Stow the Popsicle Sticks
A new framework empowers P–12 educators to create authentic engineering learning for every student. Colleges and industry should lend support.
Opinion By Michael E. Grubbs
As the career and technical education (CTE) coordinator in Maryland’s third-largest school district, I and my colleagues are responsible for preparing our 115,000 students to become informed citizens in an increasingly technology-driven society. This includes honing their engineering literacy and providing a solid grounding for those who aspire to pursue an engineering-related career. However, our efforts have suffered from a lack of guidance on how to create and implement authentic engineering learning experiences that not only equip students to thrive in tomorrow’s workplace but also promote equity.
As a result, our school system has devoted countless hours to defining, refining, and implementing engineering-related instructional materials that align to our community’s needs while also meeting our state department of education’s technology and engineering standards. This often-frustrating process requires considerable coordination between educators and central office administrators as well as meshing with teacher professional development. Moreover, with no road map to help structure learning experiences, instructional leaders must rely on limited vendor-supplied curricula or develop curricula from scratch. For example, one high school may choose to align instruction with an engineering technology pathway and high-wage, high-demand occupations, while another may focus on creating a precollege engineering route.
Putting the “E” in P–12 STEM need not be such a struggle. That’s one of the major takeaways our school district gleaned from piloting an early version of the new Framework for P–12 Engineering Learning to overhaul our high school engineering program. Created through a community effort facilitated by ASEE in partnership with the Advancing Excellence in P–12 Engineering Education (AE³) research collaborative, the framework stresses consistency and continuity, enabling teachers and school leaders to build grade-spanning—and developmentally appropriate—curricula that support the use of authentic instructional materials. The blueprint helped us introduce such industry-standard tools as MATLAB as early as ninth grade, for example. And modeling and design projects no longer are limited to craft sticks, glue guns, tape, and other low-tech building materials—a beneficial advance, given their now-widespread use in the early grades thanks to Maryland’s 2013 adoption of the Next Generation Science Standards (NGSS).
Perhaps the biggest transformation was in how our team, which included a professional-engineer-turned-educator as well as science, technology, and engineering teachers, approached the daunting work of revising the entire four-course, four-year engineering sequence. The framework’s focus on mechanical, electrical, civil, and chemical engineering represented a significant departure from our programs, which were built around general engineering concepts such as 3-D modeling, electric circuits, and robotics. Also new was the framework’s emphasis on mapping the sequence of knowledge and skills students must learn as they progress through grade levels. Therefore, we began with the desired outcomes in mind.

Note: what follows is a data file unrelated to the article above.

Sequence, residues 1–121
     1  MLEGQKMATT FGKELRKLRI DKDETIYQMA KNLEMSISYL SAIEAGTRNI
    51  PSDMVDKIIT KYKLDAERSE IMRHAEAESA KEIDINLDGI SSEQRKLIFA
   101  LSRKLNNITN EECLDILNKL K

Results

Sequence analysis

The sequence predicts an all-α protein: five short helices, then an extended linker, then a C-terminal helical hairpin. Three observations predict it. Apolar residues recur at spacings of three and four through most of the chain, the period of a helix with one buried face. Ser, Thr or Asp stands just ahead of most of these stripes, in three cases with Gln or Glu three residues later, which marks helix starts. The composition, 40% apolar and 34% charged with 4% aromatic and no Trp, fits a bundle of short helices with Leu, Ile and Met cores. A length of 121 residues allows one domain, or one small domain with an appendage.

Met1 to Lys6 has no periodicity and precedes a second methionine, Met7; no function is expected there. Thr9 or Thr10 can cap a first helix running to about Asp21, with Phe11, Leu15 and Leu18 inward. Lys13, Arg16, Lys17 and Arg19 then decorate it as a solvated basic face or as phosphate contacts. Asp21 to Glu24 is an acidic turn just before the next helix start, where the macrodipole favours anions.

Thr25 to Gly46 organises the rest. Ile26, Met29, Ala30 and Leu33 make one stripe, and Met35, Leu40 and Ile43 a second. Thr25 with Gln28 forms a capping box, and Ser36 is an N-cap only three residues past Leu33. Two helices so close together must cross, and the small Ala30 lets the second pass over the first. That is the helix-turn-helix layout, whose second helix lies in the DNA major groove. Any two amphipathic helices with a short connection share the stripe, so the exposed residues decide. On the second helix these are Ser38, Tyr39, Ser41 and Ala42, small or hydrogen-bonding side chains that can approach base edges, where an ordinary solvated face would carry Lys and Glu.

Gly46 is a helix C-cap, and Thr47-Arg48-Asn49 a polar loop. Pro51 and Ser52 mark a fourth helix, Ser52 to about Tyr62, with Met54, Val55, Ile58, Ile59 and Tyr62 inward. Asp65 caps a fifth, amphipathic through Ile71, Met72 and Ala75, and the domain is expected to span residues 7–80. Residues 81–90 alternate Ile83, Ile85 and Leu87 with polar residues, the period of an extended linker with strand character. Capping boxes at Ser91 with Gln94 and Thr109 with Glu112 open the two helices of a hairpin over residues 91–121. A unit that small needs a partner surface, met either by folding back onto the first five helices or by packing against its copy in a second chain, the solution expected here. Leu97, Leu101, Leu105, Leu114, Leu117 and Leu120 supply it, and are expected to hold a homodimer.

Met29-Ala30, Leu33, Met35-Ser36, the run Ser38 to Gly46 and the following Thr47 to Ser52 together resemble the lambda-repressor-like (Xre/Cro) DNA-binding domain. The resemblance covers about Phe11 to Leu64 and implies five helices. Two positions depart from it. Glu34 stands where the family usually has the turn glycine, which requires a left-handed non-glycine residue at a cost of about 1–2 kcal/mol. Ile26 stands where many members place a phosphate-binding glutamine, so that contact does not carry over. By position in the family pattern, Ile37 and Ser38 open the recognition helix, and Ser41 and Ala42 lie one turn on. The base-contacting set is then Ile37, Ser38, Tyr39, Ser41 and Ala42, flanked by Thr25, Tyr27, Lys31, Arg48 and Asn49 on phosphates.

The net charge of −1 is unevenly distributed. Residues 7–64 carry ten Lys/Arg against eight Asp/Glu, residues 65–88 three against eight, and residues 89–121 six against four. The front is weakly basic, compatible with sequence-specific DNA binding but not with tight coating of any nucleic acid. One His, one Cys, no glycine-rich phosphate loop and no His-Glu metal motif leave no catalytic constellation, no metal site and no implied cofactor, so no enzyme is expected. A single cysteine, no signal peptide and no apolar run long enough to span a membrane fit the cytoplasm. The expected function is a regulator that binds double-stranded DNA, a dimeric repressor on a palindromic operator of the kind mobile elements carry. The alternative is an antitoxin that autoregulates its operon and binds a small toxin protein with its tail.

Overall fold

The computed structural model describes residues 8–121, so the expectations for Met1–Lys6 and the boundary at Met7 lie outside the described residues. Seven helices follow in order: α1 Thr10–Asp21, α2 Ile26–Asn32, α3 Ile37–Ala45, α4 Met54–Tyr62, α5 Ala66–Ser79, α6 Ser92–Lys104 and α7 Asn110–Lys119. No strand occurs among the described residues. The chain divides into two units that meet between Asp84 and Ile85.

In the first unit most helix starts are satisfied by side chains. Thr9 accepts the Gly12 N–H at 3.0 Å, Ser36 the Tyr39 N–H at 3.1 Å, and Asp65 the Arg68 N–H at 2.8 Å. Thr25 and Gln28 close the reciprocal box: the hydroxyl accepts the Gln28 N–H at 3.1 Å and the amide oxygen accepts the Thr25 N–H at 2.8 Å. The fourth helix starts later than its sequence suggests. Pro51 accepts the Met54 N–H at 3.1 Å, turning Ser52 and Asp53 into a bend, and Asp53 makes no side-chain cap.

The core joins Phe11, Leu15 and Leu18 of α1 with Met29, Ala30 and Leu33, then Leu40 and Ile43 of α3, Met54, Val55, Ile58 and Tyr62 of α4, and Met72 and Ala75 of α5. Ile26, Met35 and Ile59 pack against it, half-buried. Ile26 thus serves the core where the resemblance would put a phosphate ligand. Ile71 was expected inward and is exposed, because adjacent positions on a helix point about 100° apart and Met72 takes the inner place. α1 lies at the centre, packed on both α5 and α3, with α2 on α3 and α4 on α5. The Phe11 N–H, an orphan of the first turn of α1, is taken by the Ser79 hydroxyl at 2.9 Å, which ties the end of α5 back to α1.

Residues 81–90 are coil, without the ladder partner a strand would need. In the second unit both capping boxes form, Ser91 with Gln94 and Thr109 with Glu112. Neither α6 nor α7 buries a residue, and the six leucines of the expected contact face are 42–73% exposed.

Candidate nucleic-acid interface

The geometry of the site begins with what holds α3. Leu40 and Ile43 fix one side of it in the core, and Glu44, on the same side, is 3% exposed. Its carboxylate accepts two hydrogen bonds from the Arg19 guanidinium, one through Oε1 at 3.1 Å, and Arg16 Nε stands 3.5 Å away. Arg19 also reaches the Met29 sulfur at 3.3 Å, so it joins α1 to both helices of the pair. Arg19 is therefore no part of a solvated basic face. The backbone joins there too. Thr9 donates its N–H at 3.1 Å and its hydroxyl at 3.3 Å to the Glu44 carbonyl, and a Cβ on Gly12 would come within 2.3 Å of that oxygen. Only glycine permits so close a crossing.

Rather than solely culminating in a capstone project, for example, our program incorporates cornerstone projects from freshman year on, so that coaching and support can be provided in all four years. We also expanded opportunities for teachers and students to develop competence in quantitative analysis and incorporated more in-depth engineering design concepts that increase students’ sophistication over time. These additions are proving to be particularly effective for students with no prior authentic engineering learning. They also support professional growth for teachers, especially outside their area of expertise. We have introduced design heuristics cards for better brainstorming and team member effectiveness assessments (CATME) to foster smarter teamwork.
As our curriculum-development process became better aligned with authentic engineering practice, it also grew more student- and community-centered. The lesson for higher education is clear: By breaking down learning outcomes, the Framework for P–12 Engineering Learning can help us improve diversity, equity, and inclusion. Whether students enter ninth grade with only a vague notion of core concepts or a slew of middle school technology or engineering courses under their belts, educators now have a way to assess background knowledge and differentiate instruction to bridge learning gaps. This is an instructional tool that did not previously exist.
The framework’s open access encourages tinkering, innovating, and establishing best practices for P–12 engineering teaching and learning. We now have a starting point to refine—and redefine—curriculum, learning standards, instruction, assessment, and professional development. Baltimore County is just one suburban school district. Imagine our collective impact if engineering outreach offices and faculty joined us in embracing the framework and helping to spread its use.
Michael E. Grubbs is the coordinator of career and technical education for Baltimore County Public Schools, where he oversees nearly 40 programs of study, including curriculum development. He is the author of Foundations of Engineering & Technology (7th edition) and director of strategic initiatives and partnerships for the Advancing Excellence in P–12 Engineering Education research collaborative.